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American Public Health Association

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Long-Acting Reversible Contraception Free of Charge, Method Initiation, and Abortion Rates in Finland

Overview of attention for article published in American Journal of Public Health, April 2018
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About this Attention Score

  • In the top 5% of all research outputs scored by Altmetric
  • High Attention Score compared to outputs of the same age (96th percentile)
  • High Attention Score compared to outputs of the same age and source (91st percentile)

Mentioned by

news
2 news outlets
blogs
1 blog
twitter
89 tweeters
facebook
2 Facebook pages

Citations

dimensions_citation
5 Dimensions

Readers on

mendeley
22 Mendeley
Title
Long-Acting Reversible Contraception Free of Charge, Method Initiation, and Abortion Rates in Finland
Published in
American Journal of Public Health, April 2018
DOI 10.2105/ajph.2017.304280
Pubmed ID
Authors

Frida Gyllenberg, Mikael Juselius, Mika Gissler, Oskari Heikinheimo

Abstract

To evaluate whether a public program providing long-acting reversible contraceptive (LARC) methods free of charge increases the LARC initiation rate and reduces the unintended pregnancy rate in the general population. Since 2013, all women in Vantaa, Finland, have been entitled to 1 LARC method free of charge. With time-series analysis between 2000 and 2015, we assessed whether this public program was associated with changes in steady-state mean rates of LARC initiation and abortions. The initiation rate of LARCs (1/1000 women) increased 2.2-fold from 1.9 to 4.2 after the intervention (P < .001). Concomitantly, the abortion rate (1/1000 women) declined by 16% from 1.1 to 0.9 in the total sample (P < .001), by 36% from 1.3 to 0.8 among those aged 15 to 19 years (P < .001), and by 14% from 2.0 to 1.7 among those aged 20 to 24 years (P = .01). The LARC program was associated with increased uptake of LARC methods and fewer abortions in the population. Public Health Implications. Entitling the population to LARC methods free of charge is an effective means to reduce the unmet need of contraception and the need for abortion, especially among women younger than 25 years. (Am J Public Health. Published online ahead of print February 22, 2018: e1-e6. doi:10.2105/AJPH.2017.304280).

Twitter Demographics

The data shown below were collected from the profiles of 89 tweeters who shared this research output. Click here to find out more about how the information was compiled.

Mendeley readers

The data shown below were compiled from readership statistics for 22 Mendeley readers of this research output. Click here to see the associated Mendeley record.

Geographical breakdown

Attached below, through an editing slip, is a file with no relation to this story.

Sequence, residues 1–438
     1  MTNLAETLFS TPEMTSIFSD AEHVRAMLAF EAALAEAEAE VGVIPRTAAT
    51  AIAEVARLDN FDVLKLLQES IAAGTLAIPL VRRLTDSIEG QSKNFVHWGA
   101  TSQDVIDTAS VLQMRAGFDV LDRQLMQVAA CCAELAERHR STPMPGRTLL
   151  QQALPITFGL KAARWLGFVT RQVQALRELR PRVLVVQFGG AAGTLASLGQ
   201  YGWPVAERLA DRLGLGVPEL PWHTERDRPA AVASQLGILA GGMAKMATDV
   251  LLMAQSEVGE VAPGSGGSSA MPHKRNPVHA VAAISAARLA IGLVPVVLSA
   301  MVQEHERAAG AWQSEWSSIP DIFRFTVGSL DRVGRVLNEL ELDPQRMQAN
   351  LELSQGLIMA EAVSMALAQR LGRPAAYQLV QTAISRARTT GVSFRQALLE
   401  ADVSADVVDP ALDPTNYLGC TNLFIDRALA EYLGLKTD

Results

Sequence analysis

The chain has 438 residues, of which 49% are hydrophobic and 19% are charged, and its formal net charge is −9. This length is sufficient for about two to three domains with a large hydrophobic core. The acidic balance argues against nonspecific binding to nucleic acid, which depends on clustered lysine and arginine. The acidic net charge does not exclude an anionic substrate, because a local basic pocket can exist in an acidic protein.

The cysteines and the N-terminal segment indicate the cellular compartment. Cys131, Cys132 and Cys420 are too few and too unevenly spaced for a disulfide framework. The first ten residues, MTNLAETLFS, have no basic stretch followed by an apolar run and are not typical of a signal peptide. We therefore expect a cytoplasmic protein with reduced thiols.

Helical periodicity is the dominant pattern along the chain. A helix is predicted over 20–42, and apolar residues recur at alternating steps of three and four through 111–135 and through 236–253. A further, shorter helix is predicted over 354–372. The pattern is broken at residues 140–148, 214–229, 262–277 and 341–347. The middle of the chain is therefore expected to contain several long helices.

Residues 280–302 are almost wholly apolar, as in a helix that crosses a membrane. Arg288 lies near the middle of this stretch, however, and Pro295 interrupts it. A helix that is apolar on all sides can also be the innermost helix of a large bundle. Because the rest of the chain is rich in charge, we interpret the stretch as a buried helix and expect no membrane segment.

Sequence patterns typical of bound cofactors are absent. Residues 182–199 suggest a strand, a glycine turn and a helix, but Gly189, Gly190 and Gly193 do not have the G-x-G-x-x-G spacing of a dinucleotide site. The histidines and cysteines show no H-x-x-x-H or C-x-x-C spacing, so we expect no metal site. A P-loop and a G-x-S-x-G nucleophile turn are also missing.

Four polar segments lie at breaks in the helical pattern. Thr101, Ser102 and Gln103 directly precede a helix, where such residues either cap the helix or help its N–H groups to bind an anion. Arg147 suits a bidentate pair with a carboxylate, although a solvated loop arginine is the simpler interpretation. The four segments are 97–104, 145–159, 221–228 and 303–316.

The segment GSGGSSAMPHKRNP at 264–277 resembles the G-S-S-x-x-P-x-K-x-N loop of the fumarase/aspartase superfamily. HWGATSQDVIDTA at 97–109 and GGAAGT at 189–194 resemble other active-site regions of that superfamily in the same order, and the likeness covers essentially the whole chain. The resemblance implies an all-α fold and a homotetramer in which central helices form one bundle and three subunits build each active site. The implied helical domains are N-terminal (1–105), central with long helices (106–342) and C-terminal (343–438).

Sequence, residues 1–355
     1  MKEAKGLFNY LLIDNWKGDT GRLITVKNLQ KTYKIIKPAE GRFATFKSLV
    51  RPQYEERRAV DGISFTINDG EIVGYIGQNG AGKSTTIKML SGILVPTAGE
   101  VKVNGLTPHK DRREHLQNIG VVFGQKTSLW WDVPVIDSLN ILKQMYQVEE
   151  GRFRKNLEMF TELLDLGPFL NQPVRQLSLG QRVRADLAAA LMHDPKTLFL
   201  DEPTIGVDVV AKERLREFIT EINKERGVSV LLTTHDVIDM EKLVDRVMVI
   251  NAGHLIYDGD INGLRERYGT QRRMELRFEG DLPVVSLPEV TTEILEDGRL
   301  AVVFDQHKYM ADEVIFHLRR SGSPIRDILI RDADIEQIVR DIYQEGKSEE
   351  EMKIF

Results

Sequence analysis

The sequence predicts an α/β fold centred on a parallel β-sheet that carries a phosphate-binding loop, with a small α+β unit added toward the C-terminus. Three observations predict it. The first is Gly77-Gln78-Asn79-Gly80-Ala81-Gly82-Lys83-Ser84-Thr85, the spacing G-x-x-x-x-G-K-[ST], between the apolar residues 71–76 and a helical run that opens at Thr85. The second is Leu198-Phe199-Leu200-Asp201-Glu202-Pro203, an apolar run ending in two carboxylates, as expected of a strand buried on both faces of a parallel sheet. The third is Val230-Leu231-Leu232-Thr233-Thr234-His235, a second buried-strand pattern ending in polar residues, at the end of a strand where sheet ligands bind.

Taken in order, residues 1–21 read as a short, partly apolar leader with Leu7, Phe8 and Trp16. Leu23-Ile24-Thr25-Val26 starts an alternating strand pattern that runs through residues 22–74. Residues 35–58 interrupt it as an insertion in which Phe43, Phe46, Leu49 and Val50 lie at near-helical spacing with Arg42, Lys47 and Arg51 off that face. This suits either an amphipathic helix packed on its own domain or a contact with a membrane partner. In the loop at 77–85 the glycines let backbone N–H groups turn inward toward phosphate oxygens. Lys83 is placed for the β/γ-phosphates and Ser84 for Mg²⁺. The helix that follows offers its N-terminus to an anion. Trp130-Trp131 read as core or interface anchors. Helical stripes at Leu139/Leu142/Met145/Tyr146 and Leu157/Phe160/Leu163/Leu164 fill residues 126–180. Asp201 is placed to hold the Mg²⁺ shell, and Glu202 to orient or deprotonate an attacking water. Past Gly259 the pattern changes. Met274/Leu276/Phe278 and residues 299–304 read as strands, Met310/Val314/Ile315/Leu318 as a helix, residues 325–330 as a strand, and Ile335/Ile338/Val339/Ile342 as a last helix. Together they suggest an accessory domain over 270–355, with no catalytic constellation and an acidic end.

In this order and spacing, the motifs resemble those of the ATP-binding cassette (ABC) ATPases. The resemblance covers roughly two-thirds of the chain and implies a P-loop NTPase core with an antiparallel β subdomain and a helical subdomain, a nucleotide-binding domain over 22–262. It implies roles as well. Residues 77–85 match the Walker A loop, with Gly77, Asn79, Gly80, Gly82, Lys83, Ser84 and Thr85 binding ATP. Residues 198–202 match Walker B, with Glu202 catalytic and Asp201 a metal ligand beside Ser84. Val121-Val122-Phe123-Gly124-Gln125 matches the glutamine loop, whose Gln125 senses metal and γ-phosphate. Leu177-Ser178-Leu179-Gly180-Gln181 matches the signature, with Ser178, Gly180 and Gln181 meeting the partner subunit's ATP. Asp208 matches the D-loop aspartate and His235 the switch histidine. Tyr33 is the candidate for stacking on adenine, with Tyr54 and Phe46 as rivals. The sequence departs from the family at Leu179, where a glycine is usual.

Country Count As %
Unknown 22 100%

Demographic breakdown

Readers by professional status Count As %
Student > Master 5 23%
Student > Doctoral Student 3 14%
Professor > Associate Professor 2 9%
Researcher 2 9%
Student > Ph. D. Student 2 9%
Other 4 18%
Unknown 4 18%
Readers by discipline Count As %
Medicine and Dentistry 6 27%
Social Sciences 4 18%
Nursing and Health Professions 2 9%
Psychology 2 9%
Economics, Econometrics and Finance 1 5%
Other 1 5%
Unknown 6 27%

Attention Score in Context

This research output has an Altmetric Attention Score of 85. This is our high-level measure of the quality and quantity of online attention that it has received. This Attention Score, as well as the ranking and number of research outputs shown below, was calculated when the research output was last mentioned on 29 November 2019.
All research outputs
#207,352
of 13,989,207 outputs
Outputs from American Journal of Public Health
#531
of 10,854 outputs
Outputs of similar age
#8,903
of 273,972 outputs
Outputs of similar age from American Journal of Public Health
#15
of 173 outputs
Altmetric has tracked 13,989,207 research outputs across all sources so far. Compared to these this one has done particularly well and is in the 98th percentile: it's in the top 5% of all research outputs ever tracked by Altmetric.
So far Altmetric has tracked 10,854 research outputs from this source. They typically receive a lot more attention than average, with a mean Attention Score of 22.2. This one has done particularly well, scoring higher than 95% of its peers.
Older research outputs will score higher simply because they've had more time to accumulate mentions. To account for age we can compare this Altmetric Attention Score to the 273,972 tracked outputs that were published within six weeks on either side of this one in any source. This one has done particularly well, scoring higher than 96% of its contemporaries.
We're also able to compare this research output to 173 others from the same source and published within six weeks on either side of this one. This one has done particularly well, scoring higher than 91% of its contemporaries.